You don't have to journey to South America to feel the heat of the equator-some new Havaianas and a taste of Carnaval should do it.
Mon May 31 2010
Formerly of So Paulo, Williamsburg resident Gil Inoue likes the “inspired vibe” at Beco (45 Richardson St at Lorimer St, Williamsburg, Brooklyn; 718-599-1645, becobar.com). For brunch, he orders bife a cavalo ($11), a filet mignon and two eggs with rice and beans. He also recommends coupling the dish with a cold glass of caju mimosa ($6), consisting of champagne and cashew-fruit juice.
Experience a Brazilian-style buffet—it adopts a pay-per-weight system similar to Manhattan delis—at Copacabana Pizza & Grill (31-13 36th Ave at 32nd St, Long Island City, Queens; 718-545-3685), a cafeteria that dishes delicious and inexpensive ethnic cuisine. Grab a tray and a plate and help yourself to as much of the freshly made salads, rice, beans, pastas, breaded chicken and fish as you can stomach ($4.99/lb). Observe how the locals order their tender grilled beef—known as churrasco—and ask for the same. Don’t forget to pair your grub with a Guaran Antartica—this soda tastes like ginger ale, only sweeter.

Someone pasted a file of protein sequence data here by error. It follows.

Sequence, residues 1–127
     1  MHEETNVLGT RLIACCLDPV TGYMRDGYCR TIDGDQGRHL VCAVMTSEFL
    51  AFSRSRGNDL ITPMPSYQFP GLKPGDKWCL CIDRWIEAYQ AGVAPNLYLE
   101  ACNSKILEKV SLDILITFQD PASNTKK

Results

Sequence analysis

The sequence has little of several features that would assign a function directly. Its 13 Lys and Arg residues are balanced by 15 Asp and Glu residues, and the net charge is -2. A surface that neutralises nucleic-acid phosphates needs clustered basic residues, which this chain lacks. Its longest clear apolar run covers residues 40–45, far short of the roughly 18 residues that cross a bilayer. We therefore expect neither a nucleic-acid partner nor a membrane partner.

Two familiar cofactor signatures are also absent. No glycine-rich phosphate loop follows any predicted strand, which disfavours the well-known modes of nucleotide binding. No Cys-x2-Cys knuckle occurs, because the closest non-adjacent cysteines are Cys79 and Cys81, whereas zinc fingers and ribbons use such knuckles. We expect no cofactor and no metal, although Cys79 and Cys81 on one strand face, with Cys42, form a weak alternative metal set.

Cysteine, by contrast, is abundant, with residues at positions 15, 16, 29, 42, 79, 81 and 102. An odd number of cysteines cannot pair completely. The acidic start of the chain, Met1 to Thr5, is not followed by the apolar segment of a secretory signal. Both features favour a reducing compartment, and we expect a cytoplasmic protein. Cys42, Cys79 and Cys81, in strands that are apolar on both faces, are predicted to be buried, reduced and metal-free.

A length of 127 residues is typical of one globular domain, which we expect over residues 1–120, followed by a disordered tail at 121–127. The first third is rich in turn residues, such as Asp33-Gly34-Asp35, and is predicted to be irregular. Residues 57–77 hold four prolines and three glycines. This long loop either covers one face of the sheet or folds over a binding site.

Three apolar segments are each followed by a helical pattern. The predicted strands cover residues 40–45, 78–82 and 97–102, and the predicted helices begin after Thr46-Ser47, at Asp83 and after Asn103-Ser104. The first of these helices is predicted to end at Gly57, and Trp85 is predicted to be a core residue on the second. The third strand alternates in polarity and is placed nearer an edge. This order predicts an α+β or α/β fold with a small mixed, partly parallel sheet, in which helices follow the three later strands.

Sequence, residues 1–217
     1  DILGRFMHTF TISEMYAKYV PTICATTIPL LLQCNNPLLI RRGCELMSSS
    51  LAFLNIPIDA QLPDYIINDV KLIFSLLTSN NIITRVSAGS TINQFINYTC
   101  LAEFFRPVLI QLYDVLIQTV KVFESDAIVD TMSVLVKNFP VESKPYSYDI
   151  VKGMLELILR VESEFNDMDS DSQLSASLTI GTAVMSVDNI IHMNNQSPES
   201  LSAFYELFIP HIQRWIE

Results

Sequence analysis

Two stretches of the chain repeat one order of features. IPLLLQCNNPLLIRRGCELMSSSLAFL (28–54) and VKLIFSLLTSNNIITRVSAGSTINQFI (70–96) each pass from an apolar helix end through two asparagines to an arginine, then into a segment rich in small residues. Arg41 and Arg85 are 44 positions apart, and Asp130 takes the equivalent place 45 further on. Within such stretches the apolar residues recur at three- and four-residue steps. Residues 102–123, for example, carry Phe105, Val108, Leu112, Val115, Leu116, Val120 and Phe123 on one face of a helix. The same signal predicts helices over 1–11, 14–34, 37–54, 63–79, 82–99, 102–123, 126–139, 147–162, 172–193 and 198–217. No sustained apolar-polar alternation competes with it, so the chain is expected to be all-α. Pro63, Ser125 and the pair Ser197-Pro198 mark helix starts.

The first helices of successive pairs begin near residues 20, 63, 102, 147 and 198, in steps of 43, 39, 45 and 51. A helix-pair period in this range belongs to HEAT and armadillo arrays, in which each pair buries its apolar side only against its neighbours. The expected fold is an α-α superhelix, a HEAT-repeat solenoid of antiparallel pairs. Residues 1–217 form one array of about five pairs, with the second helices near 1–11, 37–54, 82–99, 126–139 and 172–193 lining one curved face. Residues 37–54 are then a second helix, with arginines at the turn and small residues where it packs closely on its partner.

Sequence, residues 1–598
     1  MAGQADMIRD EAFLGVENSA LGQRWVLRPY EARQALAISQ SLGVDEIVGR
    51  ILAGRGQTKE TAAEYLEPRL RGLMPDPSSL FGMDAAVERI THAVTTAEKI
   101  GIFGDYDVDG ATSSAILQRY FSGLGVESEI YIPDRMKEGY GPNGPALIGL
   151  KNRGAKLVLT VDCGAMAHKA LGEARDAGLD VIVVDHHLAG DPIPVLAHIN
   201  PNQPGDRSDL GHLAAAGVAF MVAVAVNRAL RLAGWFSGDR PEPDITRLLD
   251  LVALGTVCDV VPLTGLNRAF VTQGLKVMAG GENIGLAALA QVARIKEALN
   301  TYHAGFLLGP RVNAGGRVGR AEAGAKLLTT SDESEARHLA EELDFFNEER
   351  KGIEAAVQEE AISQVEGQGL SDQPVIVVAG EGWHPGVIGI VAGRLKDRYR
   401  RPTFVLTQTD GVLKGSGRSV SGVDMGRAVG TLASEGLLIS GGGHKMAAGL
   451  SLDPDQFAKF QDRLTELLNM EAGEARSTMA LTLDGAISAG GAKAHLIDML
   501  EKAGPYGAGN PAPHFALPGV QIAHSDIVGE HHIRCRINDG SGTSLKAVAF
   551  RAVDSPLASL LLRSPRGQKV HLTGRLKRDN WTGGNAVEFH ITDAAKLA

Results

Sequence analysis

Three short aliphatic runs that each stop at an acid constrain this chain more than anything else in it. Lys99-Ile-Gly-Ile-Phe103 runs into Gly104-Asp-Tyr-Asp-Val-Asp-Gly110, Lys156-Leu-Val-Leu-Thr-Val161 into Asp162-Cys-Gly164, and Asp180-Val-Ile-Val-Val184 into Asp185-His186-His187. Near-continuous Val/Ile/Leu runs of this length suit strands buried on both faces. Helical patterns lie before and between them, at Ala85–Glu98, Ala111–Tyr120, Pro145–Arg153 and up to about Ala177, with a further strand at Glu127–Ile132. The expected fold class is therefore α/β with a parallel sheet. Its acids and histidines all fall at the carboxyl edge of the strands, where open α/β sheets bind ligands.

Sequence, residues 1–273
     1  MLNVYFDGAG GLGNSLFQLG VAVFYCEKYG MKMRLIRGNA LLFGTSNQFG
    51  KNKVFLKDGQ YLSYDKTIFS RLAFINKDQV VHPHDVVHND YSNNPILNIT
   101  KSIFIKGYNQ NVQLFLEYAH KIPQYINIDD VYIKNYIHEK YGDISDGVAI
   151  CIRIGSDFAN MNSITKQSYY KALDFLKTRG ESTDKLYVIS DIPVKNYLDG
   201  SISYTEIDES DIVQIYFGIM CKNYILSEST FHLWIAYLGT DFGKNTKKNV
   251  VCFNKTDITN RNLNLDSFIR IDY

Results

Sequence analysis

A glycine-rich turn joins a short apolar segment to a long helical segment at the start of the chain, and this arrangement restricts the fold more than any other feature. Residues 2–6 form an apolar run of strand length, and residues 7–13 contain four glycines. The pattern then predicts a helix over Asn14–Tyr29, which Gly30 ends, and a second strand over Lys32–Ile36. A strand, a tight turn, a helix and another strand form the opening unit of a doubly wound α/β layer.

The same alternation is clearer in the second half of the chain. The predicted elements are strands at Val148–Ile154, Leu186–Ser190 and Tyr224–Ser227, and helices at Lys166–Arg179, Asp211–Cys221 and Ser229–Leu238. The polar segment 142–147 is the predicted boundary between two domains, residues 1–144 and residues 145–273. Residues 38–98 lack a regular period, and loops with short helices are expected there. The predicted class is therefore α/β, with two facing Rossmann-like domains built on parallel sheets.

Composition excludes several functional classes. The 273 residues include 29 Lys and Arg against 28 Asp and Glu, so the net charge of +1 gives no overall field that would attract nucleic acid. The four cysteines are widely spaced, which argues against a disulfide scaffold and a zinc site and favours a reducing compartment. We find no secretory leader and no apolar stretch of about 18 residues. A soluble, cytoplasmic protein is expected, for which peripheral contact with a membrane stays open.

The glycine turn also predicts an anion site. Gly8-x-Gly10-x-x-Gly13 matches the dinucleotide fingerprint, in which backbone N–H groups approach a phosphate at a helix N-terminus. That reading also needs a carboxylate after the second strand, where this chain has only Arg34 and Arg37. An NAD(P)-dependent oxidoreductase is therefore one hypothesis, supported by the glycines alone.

Another favorite expat eatery is Casa (72 Bedford St between Commerce and Morton Sts; 212-366-9410, casarestaurant.com), beloved for both its ambience and tasty stews like feijoada ($23.95), a beans, beef and pork concoction considered to be Brazil’s national dish, and moqueca ($20.95), a seafood dish that hails from Bahia. “They say it’s Grandma’s home cooking,” boasts owner and So Paulo native Jupiera Lee. “The taste of our food brings them home.”